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Living Well

A Pediatrician’s Take on Guiding Children Through the COVID-19 Pandemic

Last updated: Apr 21, 2020


During unfamiliar times, children rely on parents as their primary source of information, looking to them for guidance, comfort, and support. But how does a parent guide, comfort, and support their child through a time that is also unfamiliar and scary for them — such as the time we face right now with the COVID-19 pandemic, a crisis that the entire world is currently struggling to manage?

While we are deep into this crisis, it’s likely that many parents have already had some tough conversations with their children. But with no definite end in sight, now is not the time to stop talking. According to Summit Medical Group pediatric and adolescent medicine physician, Dr. Laurie Belosa, “As parents, we want to do everything in our power to shield our children from the worst things in life, but avoidance is not helpful.” In fact, as time goes on, conversations with your children are even more important and may become a little tougher. Dr. Belosa believes, “With the right techniques, a bit of preparation, and a whole lot of compassion, we can guide our little humans to a safer, calmer mindset.” In addition to modeling good behavior such as proper hygiene and physical distancing, talking to your children can relieve some of their anxiety and help them make sense of what they may be overhearing from friends, adult conversations, or on the radio or television.

Below, Dr. Belosa helps guide the child-adult conversation with six simple steps, so both you and your child can come out stronger on the other end!

 

Steps to Follow When Talking to Your Child About COVID-19
 

Step 1: Get your own fear(s) in check.

Children are quite intuitive and can sense our own anxiety. Whether it’s your tone of voice, expressions, or specific language, kids know when their parents are scared. Try to limit your discussions about COVID-19 with other adults while children are around, as well as limit media coverage about the virus. We need to be the best example for our children.

 

Step 2: Ask your children what they already know. 

These days, children (even young ones) are bombarded with information on television, social media, and from peers. It is important to gather what facts your child already knows or thinks they know. Sitting down with them, preferably one on one, and asking “What do you know about coronavirus?” is a good place to start.

 

Step 3: Be straightforward and open to questions. 

Don't offer too much information as it can be overwhelming to children. Give basic facts and let your children ask whatever questions they might have, even if you can’t answer everything. Remember, even as an adult, it’s okay to say, “I don’t know.”

 

Step 4: Be developmentally appropriate. 

Be aware of your child's age and what information they can digest. The younger the child, the simpler the conversation should be. For children under the age of five, less is more. Explain that there's a virus and people are staying home to not get sick. Give them some concrete ideas such as, “To avoid getting sick, we wash our hands well and cough into our sleeves or a tissue.”  

For older children, you can discuss how the virus is similar to the flu, but in some people - mainly the elderly or those who are already sick – it can be more severe.  Avoid using words like panicked and worried. And again, continue to remind them of good hygiene tips.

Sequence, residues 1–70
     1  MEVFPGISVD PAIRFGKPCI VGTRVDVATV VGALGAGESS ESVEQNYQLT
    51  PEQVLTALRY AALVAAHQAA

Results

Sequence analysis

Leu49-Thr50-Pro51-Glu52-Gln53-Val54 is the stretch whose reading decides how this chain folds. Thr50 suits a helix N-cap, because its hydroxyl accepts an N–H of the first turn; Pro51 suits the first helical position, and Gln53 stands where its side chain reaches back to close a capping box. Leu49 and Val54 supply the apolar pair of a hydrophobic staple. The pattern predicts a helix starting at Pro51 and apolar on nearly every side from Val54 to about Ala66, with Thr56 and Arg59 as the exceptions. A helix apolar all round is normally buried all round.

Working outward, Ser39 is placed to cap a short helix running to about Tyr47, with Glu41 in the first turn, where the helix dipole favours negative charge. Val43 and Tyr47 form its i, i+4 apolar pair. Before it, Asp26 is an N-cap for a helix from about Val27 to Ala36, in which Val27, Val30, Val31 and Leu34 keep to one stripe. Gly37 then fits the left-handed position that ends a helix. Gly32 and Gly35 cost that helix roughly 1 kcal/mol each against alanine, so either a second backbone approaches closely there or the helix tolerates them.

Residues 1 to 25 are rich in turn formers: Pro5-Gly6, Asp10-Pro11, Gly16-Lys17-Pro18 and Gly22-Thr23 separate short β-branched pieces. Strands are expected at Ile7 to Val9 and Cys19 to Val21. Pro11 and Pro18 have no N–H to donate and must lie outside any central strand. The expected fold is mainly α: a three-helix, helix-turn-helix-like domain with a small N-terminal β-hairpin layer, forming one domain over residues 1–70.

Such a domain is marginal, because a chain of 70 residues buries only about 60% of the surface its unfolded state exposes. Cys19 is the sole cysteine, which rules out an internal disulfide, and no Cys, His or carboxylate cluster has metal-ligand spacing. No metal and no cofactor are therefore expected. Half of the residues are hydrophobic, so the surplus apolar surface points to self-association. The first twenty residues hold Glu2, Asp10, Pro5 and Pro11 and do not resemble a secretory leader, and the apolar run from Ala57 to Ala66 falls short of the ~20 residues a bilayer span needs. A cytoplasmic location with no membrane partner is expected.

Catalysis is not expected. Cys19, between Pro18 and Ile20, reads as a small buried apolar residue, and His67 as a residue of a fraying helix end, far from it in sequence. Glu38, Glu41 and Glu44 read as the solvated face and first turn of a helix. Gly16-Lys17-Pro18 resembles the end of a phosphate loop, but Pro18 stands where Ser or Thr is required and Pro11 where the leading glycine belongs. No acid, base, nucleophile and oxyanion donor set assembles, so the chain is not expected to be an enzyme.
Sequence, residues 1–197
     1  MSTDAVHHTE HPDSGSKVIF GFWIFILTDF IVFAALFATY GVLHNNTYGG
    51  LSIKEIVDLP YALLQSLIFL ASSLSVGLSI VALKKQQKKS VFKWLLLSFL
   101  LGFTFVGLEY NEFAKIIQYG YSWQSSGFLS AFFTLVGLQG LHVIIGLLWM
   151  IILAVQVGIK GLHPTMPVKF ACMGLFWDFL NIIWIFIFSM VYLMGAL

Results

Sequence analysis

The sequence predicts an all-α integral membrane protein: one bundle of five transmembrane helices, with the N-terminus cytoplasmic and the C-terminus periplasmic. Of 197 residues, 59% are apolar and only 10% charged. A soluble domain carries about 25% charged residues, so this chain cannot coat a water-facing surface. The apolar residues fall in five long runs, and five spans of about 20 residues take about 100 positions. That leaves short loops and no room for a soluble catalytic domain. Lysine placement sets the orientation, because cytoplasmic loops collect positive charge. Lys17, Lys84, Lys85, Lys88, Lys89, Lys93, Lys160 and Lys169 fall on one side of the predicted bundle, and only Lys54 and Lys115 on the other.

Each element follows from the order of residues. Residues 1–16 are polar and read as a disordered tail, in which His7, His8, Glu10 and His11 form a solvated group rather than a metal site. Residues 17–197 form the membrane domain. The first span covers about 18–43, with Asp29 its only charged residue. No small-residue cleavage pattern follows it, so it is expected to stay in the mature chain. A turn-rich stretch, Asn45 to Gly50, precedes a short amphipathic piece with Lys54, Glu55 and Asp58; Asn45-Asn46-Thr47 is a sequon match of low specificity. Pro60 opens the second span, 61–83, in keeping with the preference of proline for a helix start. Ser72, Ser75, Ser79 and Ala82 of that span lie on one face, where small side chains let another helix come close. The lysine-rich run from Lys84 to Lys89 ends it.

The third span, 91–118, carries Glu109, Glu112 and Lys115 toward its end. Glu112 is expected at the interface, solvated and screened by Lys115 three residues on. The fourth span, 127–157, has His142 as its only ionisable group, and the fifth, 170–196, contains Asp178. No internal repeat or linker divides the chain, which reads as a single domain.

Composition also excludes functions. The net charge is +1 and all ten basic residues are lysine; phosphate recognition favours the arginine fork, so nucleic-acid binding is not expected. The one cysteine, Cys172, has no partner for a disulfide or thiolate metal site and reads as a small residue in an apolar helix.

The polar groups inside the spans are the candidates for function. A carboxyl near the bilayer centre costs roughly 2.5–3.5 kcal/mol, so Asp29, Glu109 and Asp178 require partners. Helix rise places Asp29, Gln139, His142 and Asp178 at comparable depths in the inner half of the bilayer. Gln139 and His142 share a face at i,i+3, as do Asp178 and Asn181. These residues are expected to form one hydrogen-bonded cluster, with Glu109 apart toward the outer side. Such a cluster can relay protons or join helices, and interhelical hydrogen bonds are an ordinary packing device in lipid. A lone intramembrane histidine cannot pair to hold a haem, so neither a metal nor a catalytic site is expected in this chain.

Step 5: Be reassuring.

If your children ask if they are going to get sick, talk about how this rarely affects healthy children. Reassure them that you and your family are doing everything to keep safe.

 

Step 6: Make sure they know there is still fun to be had even in times like these.

You can talk to your children about different, special things that you can do because of this home time such as family game nights and puzzles. As Mary Poppins says, “In every job that must be done there is an element of fun.” So, while staying home may feel like a job (and in a way it is), families can make the most of it.

These conversations are challenging, but the sooner you have them the better. The more your children understand what’s going on in a developmentally appropriate manner, the less anxiety they will have. And remember to keep talking. Continued conversation and openness will keep the lines of communication open if other questions arise. This is an uncertain time for all of us, but by being open and honest with your children, you can give them the sense of security they need.

 

A Child’s Role

While open conversation is a great tool to use to help kids cope, it’s also important that children understand their role during this time. Explaining how they can help the situation will give them a healthy sense of pride and importance.

  • Explain to them what social or physical distancing means – at least six feet apart when outside the home, no playdates, and no family functions or visiting. By adhering to this, they can help slow the spread.
  • Explain the importance of staying connected virtually. Someone may need some extra love in their life and a quick call or video chat may do the trick. They can even color a picture to hang in the window or on the door to brighten the mail carrier’s day.
  • Explain to them that mom and dad may be a bit more overwhelmed than usual due to changes in schedules, departure from routines, or home schooling. Working as a team and pitching in as a family to help with chores will keep everyone busy and ease some of the workload.

 

Telemedicine Options Now Available!
Our pediatric department providers are offering video visits for children and are happy to address any physical or mental health concerns virtually during this time. 

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